The simplest form of smoke screen is facial expression. Behind a bland, unreadable exterior, all sorts of mayhem can be planned, without detection. This is a weapon that the most powerful men in history have learned to perfect. As one poker manual explains it, "While playing his hand, the good player is seldom an actor. Instead, he practices a bland behavior that minimizes readable patterns, frustrates and confuses opponents, permits greater concentration."
An adaptable concept, the smoke screen can be practiced on a number of levels, all playing on the psychological principles of distraction and misdirection. One of the most effective smoke screens is the noble gesture. People want to believe apparently noble gestures are genuine, for the belief is pleasant. They rarely notice how deceptive these gestures can be.
Another effective smoke screen is the pattern, the establishment of a series of actions that seduce the victim into believing you will continue in the same way. The pattern plays on the psychology of anticipation: Our behavior conforms to patterns, or so we like to think.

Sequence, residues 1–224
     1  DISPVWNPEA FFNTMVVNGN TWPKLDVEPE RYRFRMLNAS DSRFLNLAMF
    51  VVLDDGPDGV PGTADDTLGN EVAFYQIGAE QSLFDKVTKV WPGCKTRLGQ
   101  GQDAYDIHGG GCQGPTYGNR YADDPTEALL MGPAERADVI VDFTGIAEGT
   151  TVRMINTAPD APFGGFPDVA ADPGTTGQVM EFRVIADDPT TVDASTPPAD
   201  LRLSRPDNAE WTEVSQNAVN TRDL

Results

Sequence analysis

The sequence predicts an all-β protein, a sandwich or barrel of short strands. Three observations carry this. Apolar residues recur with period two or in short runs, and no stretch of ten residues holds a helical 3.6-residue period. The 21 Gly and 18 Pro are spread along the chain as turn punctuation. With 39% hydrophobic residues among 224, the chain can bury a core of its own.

Another psychological weakness on which to construct a smoke screen is the tendency to mistake appearances for reality, the feeling that if someone seems to belong to your group, their belonging must be real. This habit makes the seamless blend a very effective front. The trick is simple: You simply blend in with those around you. The better you blend, the less suspicious you become. Blending in is the perfect smoke screen for spying. The better you do it, the better you can conceal your intentions.
Remember: It takes patience and humility to dull your brilliant colors, to put on the mask of the inconspicuous. Do not despair at having to wear such a bland mask, it is often your unreadability that draws people to you and makes you appear a person of power.
Conceal your purpose and hide your progress; do not disclose the extent of your designs until they cannot be opposed, until the combat is over. Win the victory before you declare the war. In a word, imitate those warlike people whose designs are not known except by the ravaged country through which they have passed.
Michel Ouellette JMD, ll.l., ll.m.
J. Michael Dennis, ll.l., ll.m.
Business & Corporate Strategist
Systemic Strategic Planning